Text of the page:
Int´l - Mutations in meq linked to Marek disease viruses of high virulence

Date of publication : 11/26/2004
Source : Hoovers Online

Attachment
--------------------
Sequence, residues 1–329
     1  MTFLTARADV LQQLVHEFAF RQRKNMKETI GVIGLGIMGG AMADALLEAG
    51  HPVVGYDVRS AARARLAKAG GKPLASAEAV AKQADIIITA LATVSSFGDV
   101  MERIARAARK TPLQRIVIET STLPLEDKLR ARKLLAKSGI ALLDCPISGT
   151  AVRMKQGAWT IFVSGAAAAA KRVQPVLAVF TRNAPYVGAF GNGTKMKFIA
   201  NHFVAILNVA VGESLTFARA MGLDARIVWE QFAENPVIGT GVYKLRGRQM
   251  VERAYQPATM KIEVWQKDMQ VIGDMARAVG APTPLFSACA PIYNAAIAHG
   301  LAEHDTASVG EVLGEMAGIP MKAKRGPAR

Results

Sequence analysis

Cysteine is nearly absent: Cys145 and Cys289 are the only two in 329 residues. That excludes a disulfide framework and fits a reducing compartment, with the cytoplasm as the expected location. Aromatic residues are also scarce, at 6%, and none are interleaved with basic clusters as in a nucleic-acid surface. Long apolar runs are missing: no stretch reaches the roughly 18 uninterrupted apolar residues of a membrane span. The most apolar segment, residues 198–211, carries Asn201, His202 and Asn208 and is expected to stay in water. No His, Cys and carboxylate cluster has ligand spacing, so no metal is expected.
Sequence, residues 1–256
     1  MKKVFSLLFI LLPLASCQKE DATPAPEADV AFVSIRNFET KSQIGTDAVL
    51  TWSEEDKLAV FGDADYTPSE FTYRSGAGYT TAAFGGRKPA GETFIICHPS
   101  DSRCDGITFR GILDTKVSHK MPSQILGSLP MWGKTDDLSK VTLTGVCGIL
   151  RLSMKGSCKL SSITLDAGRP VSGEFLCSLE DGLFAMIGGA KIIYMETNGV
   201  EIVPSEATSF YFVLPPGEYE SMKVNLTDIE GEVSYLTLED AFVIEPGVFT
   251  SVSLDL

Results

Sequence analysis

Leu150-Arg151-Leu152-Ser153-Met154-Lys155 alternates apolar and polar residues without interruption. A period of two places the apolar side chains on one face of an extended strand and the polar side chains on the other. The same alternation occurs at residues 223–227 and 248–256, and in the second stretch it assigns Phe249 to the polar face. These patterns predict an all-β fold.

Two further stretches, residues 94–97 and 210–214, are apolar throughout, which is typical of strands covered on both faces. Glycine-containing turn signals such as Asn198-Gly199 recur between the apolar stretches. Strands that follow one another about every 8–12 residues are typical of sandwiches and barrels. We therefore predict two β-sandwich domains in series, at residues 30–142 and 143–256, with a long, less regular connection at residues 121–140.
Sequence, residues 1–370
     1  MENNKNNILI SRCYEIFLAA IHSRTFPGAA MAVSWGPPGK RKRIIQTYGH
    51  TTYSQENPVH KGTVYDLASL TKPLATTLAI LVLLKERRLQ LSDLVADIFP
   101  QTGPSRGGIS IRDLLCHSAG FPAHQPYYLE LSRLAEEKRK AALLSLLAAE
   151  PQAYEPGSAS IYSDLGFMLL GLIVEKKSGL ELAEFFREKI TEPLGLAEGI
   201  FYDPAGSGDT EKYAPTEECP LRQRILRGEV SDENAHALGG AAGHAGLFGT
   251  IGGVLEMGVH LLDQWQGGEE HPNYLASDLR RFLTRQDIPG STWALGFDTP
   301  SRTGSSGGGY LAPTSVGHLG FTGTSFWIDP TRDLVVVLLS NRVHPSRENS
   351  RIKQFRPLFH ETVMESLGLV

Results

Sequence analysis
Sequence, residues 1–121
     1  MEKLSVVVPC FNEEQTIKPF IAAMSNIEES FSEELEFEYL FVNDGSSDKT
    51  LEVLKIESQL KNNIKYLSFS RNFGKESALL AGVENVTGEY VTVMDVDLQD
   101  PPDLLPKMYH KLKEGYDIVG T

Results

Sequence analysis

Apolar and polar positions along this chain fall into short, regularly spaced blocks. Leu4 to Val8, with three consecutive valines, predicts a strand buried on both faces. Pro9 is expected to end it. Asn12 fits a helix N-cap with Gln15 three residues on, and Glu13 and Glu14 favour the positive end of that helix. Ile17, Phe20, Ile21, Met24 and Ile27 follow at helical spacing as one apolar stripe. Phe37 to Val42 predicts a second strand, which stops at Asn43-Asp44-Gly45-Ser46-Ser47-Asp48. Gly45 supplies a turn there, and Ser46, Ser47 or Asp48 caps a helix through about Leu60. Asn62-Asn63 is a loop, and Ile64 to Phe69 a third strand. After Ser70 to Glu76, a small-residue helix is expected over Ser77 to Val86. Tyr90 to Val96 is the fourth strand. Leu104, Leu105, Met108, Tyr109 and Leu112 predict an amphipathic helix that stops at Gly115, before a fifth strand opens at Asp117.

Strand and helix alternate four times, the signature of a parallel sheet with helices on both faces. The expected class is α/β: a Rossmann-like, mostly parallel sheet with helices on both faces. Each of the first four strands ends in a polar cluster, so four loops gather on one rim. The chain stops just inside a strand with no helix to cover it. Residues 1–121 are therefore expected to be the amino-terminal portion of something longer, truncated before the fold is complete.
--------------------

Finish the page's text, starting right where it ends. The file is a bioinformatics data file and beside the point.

Mutations in meq are associated with Marek disease viruses of high virulence. "Marek disease (MD) is a highly contagious lymphoproliferative and demyelinating disorder of chickens. MD is caused by Marek's disease virus (MDV), a cell-associated, acute-transforming alpha-herpesvirus. For three decades, losses to the poultry industry due to MD have been greatly limited through the use of live vaccines. MDV vaccine strains are comprised of antigenically related, apathogenic MDVs originally isolated from chickens (MDV-2), turkeys (herpesvirus of turkeys, HVT), or attenuated-oncogenic strains of MDV-1 (CVI-988)," scientists writing in the journal Veterinary Microbiology report. "Since the inception of high-density poultry production and MD vaccination, there have been two discernible increases in the virulence of MDV field strains," said Christine E. Shamblin and collaborators at the University of Arkansas. "Our objectives were to determine if common mutations in the major glycoprotein genes, a major lytic, antigen phosphoprotein 38 (pp38) or a major latency/transformation antigen Meq (Marek's EcoRI-Q-encoded protein) were associated with enhanced MDV virulence. To address this, we cloned and sequenced the major surface glycoprotein genes (gB, gC, gD, gE, gH, gI, and gL) of five MDV strains that were representative of the virulent (v), very virulent (vv) and very virulent plus (vv+) pathotypes of MDV." "We found no consistent mutations in these genes that correlated strictly with virulence level," reported the researchers. "The glycoprotein genes most similar among MDV-1, MDV-2, and HVT (gB and gC, (aprox) 81 and 75%, respectively) were among the most conserved across pathotype. We found mutations mapping to the putative signal cleavage site in the gL genes in four out of eleven vv+MDVs, but this mutation was also identified in one vvMDV (643P) indicating that it did not correlate with enhanced virulence. In further analysis of an additional 12 MDV strains, we found no gross polymorphism in any of the glycoprotein genes." "Likewise, by PCR and RFLP analysis, we found no polymorphism at the locus encoding the pp38 gene, an early lytic-phase gene associated with MDV replication," stated Shamblin and her coauthors. "In contrast, we found distinct mutations in the latency and transformation-associated Marek's EcoRI-Q-encoded protein, Meq. In examination of the DNA and deduced amino acid sequence of meq genes from 26 MDV strains (9 m/vMDV, 5 vvMDV, and 12 vv+MDVs), we found distinct polymorphism and point mutations that appeared to correlate with virulence. Although a complex trait like MDV virulence is likely to be multigenic, these data describe the first sets of mutations that appear to correlate with MDV virulence." The investigators concluded, "since Meq is expressed primarily in the latent/transforming phase of MDV infection, and is not encoded by MDV-2 or HVT vaccine viruses, the evolution of MDV virulence may be due to selection on MDV-host cell interactions during latency and may not be mediated by the immune selection against virus lyric antigens such as the surface glycoproteins."
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